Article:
PPC Leader Bernier Considering Running in a Western Riding in the Next Election

PPC Leader Bernier Considering Running in a Western Riding in the Next Election
Maxime Bernier, Leader of the People's Party of Canada prepares to speak to the crowd as protesters demonstrate against measures taken by government and public health authorities to curb the spread of COVID-19, in Toronto on May 15, 2021. (The Canadian Press/Chris Young)
Lee Harding

People’s Party founder and leader Maxime Bernier says he’s considering running in a Western riding for the next federal election.

The resident of Saint-Georges, Quebec has run in his home riding of Beauce in every federal election since 2006. He won with more than 50 percent of the vote as a Conservative candidate in 2006, 2008, 2011, and 2015. Under the PPC banner, he placed second with 28 percent of the vote in 2019 and 18 percent in 2021.

While in Regina on a current Western tour, Bernier told the Epoch Times he is “60 percent” likely to run elsewhere next time.

“I think it would be time to look at another riding. And I will have to move there with my family. We'll look at it,” Bernier said in an interview.

“We have great ridings in northern Ontario, in Alberta, in southern Manitoba, in interior BC where our candidate did very well. And so yes, I’m looking at all the opportunities for me as a leader.”

Bernier’s father Gilles was a Beauce MP from 1984 until 1997, first as a Progressive Conservative, and later as an Independent. Despite this pedigree, the younger Bernier believes his views are a better match for the West.

“In Eastern Canada, they call me the Albertan from Quebec because we share the same values. And that’s why I also am looking at in a couple of ridings out west where I can run. I believe that it’s not a challenge for me as a francophone to run in Alberta,” Bernier said.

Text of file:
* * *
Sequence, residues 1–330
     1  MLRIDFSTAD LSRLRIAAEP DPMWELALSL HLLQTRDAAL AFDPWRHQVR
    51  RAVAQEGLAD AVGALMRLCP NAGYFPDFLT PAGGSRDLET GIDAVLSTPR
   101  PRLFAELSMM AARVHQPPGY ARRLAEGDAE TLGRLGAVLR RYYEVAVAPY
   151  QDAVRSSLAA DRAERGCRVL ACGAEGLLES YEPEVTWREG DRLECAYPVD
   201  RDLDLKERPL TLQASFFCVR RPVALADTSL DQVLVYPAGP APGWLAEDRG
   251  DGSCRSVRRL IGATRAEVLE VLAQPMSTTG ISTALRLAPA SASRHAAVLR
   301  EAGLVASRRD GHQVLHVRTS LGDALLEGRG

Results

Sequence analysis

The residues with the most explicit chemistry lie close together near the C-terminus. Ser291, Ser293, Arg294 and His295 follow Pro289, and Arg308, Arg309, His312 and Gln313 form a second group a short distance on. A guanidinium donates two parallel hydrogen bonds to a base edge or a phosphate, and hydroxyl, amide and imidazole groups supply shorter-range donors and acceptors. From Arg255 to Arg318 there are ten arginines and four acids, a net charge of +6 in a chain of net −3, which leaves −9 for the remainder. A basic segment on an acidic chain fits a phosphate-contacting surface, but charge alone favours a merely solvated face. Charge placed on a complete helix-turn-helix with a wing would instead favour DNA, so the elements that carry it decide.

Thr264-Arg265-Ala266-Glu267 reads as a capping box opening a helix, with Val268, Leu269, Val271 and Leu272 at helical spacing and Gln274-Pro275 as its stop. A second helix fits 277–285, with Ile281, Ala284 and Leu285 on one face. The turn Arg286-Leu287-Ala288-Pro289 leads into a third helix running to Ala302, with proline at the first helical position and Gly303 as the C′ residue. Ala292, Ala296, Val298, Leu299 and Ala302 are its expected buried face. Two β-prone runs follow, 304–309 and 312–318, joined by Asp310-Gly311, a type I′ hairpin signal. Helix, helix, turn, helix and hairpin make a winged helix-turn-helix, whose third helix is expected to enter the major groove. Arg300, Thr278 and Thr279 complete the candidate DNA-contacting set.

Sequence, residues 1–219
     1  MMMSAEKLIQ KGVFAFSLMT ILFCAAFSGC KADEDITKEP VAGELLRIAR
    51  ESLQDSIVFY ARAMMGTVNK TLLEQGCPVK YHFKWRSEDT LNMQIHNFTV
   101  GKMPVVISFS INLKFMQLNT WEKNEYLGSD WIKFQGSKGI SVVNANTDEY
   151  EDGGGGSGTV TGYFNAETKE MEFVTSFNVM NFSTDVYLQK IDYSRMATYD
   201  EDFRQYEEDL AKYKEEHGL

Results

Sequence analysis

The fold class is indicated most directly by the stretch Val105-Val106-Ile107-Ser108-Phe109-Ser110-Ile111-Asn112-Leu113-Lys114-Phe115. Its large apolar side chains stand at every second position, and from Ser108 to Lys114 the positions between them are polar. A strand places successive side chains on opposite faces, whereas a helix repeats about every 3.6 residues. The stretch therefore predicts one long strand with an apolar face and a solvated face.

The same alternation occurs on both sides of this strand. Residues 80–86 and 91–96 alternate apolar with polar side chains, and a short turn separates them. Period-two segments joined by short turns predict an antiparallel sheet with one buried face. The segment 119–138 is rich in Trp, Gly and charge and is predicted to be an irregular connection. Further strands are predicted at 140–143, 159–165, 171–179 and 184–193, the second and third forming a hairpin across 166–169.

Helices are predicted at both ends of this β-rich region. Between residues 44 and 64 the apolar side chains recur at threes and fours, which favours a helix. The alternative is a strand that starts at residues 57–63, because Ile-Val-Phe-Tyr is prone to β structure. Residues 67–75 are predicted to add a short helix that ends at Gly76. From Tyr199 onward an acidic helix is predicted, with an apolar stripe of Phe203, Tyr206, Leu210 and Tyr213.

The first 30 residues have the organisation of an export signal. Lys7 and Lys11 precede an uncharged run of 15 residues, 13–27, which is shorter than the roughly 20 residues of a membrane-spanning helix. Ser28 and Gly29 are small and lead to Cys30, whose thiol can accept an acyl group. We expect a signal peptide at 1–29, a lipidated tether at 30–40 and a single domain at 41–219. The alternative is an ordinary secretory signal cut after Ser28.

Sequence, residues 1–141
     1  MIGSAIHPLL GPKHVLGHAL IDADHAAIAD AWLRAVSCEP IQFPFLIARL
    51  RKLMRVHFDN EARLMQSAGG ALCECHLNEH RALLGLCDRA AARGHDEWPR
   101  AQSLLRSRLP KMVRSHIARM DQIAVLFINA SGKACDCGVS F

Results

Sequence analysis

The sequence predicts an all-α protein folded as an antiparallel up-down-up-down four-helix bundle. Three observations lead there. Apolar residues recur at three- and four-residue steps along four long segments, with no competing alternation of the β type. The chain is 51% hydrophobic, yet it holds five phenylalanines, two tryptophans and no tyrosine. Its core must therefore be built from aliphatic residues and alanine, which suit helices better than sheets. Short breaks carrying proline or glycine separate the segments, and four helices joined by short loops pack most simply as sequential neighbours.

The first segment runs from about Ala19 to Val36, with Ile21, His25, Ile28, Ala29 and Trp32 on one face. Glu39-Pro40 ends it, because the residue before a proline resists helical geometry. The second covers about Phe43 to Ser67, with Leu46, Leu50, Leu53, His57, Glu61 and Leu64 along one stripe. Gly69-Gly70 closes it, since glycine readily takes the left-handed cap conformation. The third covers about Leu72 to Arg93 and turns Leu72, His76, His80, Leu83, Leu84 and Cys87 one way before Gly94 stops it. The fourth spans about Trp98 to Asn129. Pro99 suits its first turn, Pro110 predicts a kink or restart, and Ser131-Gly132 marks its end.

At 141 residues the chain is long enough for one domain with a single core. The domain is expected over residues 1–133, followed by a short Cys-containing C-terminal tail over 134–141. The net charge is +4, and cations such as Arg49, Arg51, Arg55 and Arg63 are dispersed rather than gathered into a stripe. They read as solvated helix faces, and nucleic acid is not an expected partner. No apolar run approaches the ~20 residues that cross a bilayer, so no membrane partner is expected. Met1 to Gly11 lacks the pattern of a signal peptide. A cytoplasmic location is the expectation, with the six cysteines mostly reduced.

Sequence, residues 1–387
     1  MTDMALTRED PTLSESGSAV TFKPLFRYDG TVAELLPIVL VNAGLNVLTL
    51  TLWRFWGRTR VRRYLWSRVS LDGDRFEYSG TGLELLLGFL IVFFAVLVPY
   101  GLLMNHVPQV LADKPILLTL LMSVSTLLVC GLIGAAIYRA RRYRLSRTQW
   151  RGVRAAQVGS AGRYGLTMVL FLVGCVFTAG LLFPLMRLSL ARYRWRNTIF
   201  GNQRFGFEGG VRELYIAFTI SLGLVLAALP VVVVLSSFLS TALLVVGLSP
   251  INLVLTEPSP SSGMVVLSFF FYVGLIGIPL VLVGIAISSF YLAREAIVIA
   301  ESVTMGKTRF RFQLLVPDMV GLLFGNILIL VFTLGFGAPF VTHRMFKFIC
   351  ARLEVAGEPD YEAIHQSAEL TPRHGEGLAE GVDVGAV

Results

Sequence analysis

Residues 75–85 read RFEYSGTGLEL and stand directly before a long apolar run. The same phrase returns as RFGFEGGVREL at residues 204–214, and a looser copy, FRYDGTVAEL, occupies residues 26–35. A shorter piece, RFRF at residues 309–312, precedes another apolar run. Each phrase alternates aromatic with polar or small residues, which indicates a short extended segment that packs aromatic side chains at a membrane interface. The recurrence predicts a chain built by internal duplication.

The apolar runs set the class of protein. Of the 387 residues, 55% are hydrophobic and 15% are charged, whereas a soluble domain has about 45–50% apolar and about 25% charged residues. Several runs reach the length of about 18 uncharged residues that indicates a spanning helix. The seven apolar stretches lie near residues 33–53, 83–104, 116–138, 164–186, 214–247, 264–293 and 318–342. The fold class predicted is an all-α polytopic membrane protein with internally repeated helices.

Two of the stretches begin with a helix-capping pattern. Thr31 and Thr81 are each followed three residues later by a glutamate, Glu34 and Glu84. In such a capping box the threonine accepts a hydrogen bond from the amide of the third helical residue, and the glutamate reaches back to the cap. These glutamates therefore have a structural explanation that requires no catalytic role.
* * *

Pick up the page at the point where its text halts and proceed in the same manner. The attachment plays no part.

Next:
“When I was in Alberta, a lady told me, ‘Maxime, you were saying that you’re the Albertan from Quebec. I’m tired to hear that. You must say that you’re the Albertan from Alberta. Come and run here the next time.’ I said, ‘I’m looking at all the options.’”

The strategy worked well for former Green Party Leader Elizabeth May. She failed to win her home riding of Central Nova in 2008 despite an agreement by then-Liberal leader Stephane Dion not to run a candidate there. In 2011, May ran in B.C.’s Green-friendly Saanich-Gulf Islands. She toppled Conservative cabinet minister Gary Lunn and has represented the riding ever since.

However, it didn’t work well for former Ontario Conservative MP Derek Sloan who ran in the Alberta riding of Banff-Airdrie in the 2021 federal election, coming in fifth in the contest.

‘Doing Politics Differently’

The PPC received 1.6 percent support in 2019 and 4.9 percent in the federal election in 2021. Bernier says he wants eight to 10 percent support in the next election and that 100 candidates are already “approved and confirmed.”

“What we are doing, it’s a kind of a common sense revolution. And that is taking time, and we understand that … And I believe that the next election, we'll have a couple of candidates elected,” he said.

Bernier said his party is “doing politics differently” by maintaining a consistent message regardless of its popularity.

“There’s no taboo subjects for us. Abortion is important. And when you have late-term abortion in this country, for me, it’s murder. We must be able to have that discussion,” Bernier said.

“We believe that we must speak about our convictions openly with passion and conviction, and we'll be able to have more support—popular or not. It was not popular to speak about freedom two years ago. But now, it’s more popular.”

Bernier says recent sociopolitical shifts in the country have brought other issues to the fore.

“Euthanasia is going too far right now… When you have somebody that is sick and you have the healthcare workers that are telling the person, ‘There’s another option, you can die and we can kill you if you want.’ No, that’s not our country. Hitler was doing that in Germany.”

Bernier, a former foreign affairs minister, also sees emerging issues on the international front. He says Canadians “need to fight for our sovereignty as a country” amidst globalist intrusions. He also believes Canada shouldn’t help Ukraine’s military efforts against the Russian invasion.

“We must fight for peace and prosperity, we must be the first country that will seek for a diplomatic solution there,” Bernier said.

“It’s not our war. And I’m not pro-Putin; I’m not pro-Ukraine. But the federal government the last five months spent $3 billion for Ukraine. We are broke, we don’t have any money to fight a fight that is not our fight. ”

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